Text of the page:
Labour’s libel plot to muzzle newspapers that would see press pay hefty legal bills if they are sued – but The Guardian would be spared
- Opposition wants to create two-tier system of state-backed press regulation
- Laws wound in effect saddle news organisations with legals costs in every case
- They would be forced to pay up even if they won defamation claims
- New rules would hit smaller publishers signed up to Impress the hardest
- However, The Guardian would be spared as it is a non-profit enterprise
- Proposal was widely decried as muzzling truth by proponents of press freedom
Labour yesterday launched a drive for a two-tier system of state-backed regulation of the Press which would go easy on the country’s most influential Left-wing newspaper.
Plans put forward by deputy leader Tom Watson would expose all national newspaper groups to punishing legal bills every time someone chose to sue them – even if the newspaper won.
But a clause in Mr Watson’s new law would lift the threat from the Labour-friendly Guardian.
Labour deputy leader Tom Watson (left) would expose all national newspaper groups to punishing legal bills every time someone chose to sue them – even if the newspaper won.
The proposal to treat some newspapers differently from others was included in amendments laid down by Labour leaders to the Data Protection Bill which will go before MPs on Wednesday.
Mr Watson has accepted £540,000 in donations from Max Mosley, the former motor racing chief and supporter of state-backed press regulation whose racist past was exposed by the Daily Mail.
The Labour proposal would also introduce a further two-tier system for regional papers. It would remove the threat of special penalties in the courts from some regional newspapers owned by smaller companies – but leave it hanging over others owned by bigger organisations.
Bizarrely, Mr Watson’s plans would mean a new legal threat to small publishers who have signed up to Impress, the state-approved press regulator largely bankrolled through a family trust by Mr Mosley.
Mr Watson accepted £540,000 in donations from Max Mosley, former motor racing chief and supporter of state-backed press regulation whose racist past was exposed by the Daily Mail
Another amendment would set up a second round of the Leveson inquiry into the Press which critics say would be pointless and costly.
The proposal from Mr Watson and shadow culture minister Liam Byrne is designed to give special protection to newspapers and websites which sign up to a state-approved regulator.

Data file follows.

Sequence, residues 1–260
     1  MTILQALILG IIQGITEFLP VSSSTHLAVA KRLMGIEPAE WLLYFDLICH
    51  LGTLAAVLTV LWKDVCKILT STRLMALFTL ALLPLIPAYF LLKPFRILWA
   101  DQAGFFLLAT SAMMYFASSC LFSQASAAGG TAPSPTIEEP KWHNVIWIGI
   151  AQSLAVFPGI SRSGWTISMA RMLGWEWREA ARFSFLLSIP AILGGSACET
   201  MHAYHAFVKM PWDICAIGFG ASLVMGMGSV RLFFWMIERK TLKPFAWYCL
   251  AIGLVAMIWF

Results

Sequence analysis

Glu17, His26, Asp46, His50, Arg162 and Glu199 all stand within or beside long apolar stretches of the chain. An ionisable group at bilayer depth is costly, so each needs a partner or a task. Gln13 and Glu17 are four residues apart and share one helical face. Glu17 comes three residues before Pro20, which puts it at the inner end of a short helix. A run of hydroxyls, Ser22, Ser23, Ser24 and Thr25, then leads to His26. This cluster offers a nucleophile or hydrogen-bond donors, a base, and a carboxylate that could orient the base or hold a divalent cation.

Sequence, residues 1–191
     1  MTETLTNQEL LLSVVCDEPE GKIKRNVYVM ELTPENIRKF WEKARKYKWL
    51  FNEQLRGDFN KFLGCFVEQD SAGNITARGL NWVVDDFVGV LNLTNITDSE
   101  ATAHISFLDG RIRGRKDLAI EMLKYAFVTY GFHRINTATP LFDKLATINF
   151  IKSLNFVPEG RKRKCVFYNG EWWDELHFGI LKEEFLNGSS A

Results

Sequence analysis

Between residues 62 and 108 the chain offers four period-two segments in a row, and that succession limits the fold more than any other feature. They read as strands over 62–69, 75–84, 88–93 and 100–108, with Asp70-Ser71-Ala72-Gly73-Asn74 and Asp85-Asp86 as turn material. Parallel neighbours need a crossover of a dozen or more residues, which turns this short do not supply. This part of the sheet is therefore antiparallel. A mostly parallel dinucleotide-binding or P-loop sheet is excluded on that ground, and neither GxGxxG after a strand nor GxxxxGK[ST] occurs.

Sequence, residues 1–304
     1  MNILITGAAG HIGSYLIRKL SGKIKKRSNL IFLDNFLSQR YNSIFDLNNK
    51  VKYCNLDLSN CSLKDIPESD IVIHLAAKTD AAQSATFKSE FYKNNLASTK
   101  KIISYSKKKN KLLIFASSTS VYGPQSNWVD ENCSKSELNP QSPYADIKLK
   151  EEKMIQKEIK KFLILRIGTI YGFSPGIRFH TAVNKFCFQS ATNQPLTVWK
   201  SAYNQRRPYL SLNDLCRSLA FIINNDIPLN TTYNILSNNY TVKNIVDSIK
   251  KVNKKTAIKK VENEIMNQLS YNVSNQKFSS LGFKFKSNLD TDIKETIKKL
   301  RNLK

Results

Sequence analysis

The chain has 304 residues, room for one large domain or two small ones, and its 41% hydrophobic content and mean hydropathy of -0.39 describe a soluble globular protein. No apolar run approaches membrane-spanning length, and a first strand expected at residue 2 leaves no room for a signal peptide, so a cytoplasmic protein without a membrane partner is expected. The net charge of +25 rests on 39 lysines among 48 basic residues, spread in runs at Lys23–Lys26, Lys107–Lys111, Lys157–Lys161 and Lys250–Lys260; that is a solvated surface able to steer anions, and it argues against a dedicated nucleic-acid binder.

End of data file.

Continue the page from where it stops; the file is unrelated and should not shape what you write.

The only such regulator is Impress which is supported only by a limited number of very small publishers. It revives the heavily-criticised Section 40 of the Crime and Courts Act, which Culture Secretary Matt Hancock has refused to implement.
The majority of national newspapers have signed up to independent regulator the Independent Press Standards Organisation. The Guardian and sister paper the Observer, plus the Financial Times, have no independent regulator.
Among thousands of documents the Mail unearthed from his past is a vile pamphlet saying ‘coloured immigrants’ spread ‘tuberculosis, VD and other terrible diseases like leprosy’
The pamphet was made by Mr Mosley (right) for Walter Hesketh (left), unsuccessful British Union Movement candidate in the Moss Side Parliamentary by-election
Under Section 40, members of Impress would be shielded from paying any legal costs if anyone who complained refused arbitration and took them to court.
Those outside Impress would have to pay their own legal costs and the other side’s in any complaint that went to court, even if they won the case.
The Watson amendment contains two new clauses. Under Condition A Section 40 would not apply to a publisher who ploughs all profits back into the business.
That would lift the threat of extra legal costs from the Guardian and the Observer which are controlled by the Scott Trust whose rules say that if the loss-making papers move into profit the money would be put back into their newspaper and website operations.
Sir Oswald Mosley, with his son Max (circled) at his shoulder, leads a gang of neo-fascist bully boys into the Jewish East End in 1962 in an act of rank provocation
Condition B would free regional newpapers owned by groups with a five-year turnover of less than £100million from Section 40.
That would also harm small publishers who have signed up to Impress. It would mean they would be freed from Section 40 – which would expose them to paying their own costs if anyone took them to court.
Critics of Section 40 believe it would break human rights laws by restricting the free speech of some newspapers.
The News Media Association, which represents the news industry, said the amendments ‘would inflict enormous damage on a free press’.
Mr Hancock’s Department of Digital, Culture, Media and Sport said the amendments ‘would undermine a free press and high-quality, investigative journalism’.
Source: Read Full Article